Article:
Science Companion Story
Developing the Curriculum
Thirteen years ago, Max and Jean Bell served as founding contributors to the reform mathematics curriculum, Everyday Mathematics, developed in conjunction with the University of Chicago School Mathematics Project.
The Bells then chose to use their experience and resources to create the science curriculum that they had always wanted to integrate with math. (No retirement relaxation here!)
They formed the Chicago Science Group (CSG) to bring great inquiry-based science to young children around the country. CSG is made up of a diverse set of individuals, including prominent educators, scientists, experienced teachers, successful authors, and publishing experts.
After several years of research, writing, and extensive field testing, it was time to bring Science Companion commercially out to classrooms. Chicago Educational Publishing Company (CEPC) was born to launch Science Companion to market.
From 2004 to 2007, Science Companion was distributed exclusively by one of the world’s leading elementary publisher, Pearson Scott Foresman, and with their help the curriculum was extended into classrooms around the country.
In 2008, CEPC resumed distributorship of Science Companion so we could ensure that we were working as closely as possible with our educational partners.
The Science Companion curriculum, developed by the Chicago Science Group (CSG) is a hands-on learning program that takes advantage of children’s extensive knowledge of – and curiosity about – how things work in the world. The purpose of the curriculum is not only to provide children with the opportunity to wonder about their world, but to teach them science processes as they explore, quantify, and interpret the world. The children are also given the time and encouragement to draw, write, discuss, and reflect upon what they have done. The program’s approach to primary education balances discovery-based learning with teacher-directed instruction.
Science hasn’t thrived in the elementary classrooms for multiple reasons. The following represent a couple of these issues and how our curriculum solves them:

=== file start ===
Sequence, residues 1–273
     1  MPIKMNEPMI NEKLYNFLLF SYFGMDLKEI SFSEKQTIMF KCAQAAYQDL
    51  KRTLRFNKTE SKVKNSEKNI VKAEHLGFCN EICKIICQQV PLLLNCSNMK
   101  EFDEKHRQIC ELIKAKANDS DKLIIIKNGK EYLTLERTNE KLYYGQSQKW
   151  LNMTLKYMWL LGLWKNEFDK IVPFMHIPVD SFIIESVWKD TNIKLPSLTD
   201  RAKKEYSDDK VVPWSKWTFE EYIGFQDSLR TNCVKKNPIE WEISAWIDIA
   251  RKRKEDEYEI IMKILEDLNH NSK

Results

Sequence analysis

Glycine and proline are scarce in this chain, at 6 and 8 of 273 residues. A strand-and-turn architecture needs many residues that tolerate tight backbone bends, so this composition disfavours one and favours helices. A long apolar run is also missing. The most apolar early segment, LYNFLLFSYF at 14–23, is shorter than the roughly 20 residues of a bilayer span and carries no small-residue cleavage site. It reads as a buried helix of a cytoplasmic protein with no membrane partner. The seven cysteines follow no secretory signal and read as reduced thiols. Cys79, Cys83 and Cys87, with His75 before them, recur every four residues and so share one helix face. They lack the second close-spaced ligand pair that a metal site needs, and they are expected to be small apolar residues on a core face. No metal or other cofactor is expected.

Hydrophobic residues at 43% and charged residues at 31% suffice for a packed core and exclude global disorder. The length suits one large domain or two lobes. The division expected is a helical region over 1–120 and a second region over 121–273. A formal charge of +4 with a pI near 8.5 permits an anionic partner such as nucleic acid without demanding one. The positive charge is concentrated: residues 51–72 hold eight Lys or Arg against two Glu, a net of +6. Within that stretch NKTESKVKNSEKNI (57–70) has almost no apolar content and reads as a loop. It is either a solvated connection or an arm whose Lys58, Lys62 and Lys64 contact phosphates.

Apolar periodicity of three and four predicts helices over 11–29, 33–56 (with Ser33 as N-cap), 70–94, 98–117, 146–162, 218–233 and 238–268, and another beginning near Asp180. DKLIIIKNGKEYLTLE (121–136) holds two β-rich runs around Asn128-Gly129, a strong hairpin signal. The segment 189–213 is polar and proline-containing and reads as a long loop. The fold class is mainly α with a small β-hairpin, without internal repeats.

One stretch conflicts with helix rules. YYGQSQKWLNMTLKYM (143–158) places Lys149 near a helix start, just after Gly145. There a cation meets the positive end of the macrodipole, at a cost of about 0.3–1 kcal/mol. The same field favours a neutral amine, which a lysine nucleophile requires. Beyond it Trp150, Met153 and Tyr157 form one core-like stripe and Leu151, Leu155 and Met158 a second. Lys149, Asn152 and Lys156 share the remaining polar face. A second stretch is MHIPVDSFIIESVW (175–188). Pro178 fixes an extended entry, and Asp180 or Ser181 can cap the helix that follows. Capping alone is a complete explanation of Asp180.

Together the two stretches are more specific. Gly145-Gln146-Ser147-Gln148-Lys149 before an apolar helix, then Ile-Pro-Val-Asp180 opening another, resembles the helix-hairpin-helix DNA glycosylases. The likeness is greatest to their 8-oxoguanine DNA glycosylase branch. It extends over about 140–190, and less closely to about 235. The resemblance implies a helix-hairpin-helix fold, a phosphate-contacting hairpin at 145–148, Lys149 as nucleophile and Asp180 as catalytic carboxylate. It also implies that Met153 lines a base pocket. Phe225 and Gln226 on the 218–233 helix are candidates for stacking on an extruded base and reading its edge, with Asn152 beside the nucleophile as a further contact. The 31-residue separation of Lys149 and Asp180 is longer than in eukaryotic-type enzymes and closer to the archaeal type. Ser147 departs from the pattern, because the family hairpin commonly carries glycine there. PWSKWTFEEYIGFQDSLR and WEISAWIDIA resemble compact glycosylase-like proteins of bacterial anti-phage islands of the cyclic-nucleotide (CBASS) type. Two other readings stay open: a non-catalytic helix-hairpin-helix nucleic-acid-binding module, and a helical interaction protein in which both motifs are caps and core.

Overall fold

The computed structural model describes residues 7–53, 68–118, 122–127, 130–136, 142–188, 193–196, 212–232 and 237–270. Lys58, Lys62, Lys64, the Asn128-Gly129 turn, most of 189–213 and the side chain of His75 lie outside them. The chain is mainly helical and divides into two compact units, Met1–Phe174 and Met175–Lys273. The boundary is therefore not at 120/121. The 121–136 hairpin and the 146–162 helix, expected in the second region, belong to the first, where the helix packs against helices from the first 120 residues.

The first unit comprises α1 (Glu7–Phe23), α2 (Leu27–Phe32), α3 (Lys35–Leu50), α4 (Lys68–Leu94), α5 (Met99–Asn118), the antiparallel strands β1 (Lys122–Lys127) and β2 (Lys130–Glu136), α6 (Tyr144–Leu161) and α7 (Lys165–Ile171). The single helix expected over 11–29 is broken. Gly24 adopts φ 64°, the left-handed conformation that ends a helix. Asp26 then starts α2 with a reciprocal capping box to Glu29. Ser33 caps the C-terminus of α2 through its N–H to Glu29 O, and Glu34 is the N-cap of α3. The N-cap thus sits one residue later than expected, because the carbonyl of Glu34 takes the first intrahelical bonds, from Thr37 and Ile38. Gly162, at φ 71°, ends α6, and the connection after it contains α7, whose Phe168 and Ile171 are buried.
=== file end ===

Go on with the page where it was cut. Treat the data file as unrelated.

- The main focus of most elementary classrooms is language arts and mathematics, and teachers find their days full enough without the addition of a regular science time.In addressing the issue of making time for science, the approach of the Science Companion curriculum is to treat science not as a separate, discrete subject, but to use it to support other learning. Mathematics and language arts are essential tools in “doing science.” Science provides the opportunity to apply and practice mathematics, language arts, social studies, art, and group cooperation in an authentic context.
- Many teachers feel that they lack the expertise needed to teach science.In an effort to provide teachers who don’t have science backgrounds with the information they need to teach confidently and accurately, the Science Companion curriculum includes “Teacher Background Information” for every unit. This information covers the major concepts that the lessons introduce, giving extra information that’s not in the lessons so teachers can answer children’s questions.It also gives teachers a heads-up for what the children will probably find once they observe closely. Our hope is that teachers will learn along with the children, and feel comfortable with the process of exploration. In addition, we provide “Best Practice” ideas for how to pursue science, and a discussion area on this website where teachers can share concerns and solutions.
Call to Action
We believe that the very best education happens when curriculum developers, teachers, and parents all work together in partnership to shape children’s learning experiences. We continue to stay in close contact with our colleagues in the classroom. But we also need the active participation of parents, both in supporting their own children’s learning, and in improving science education for their children at school and at home.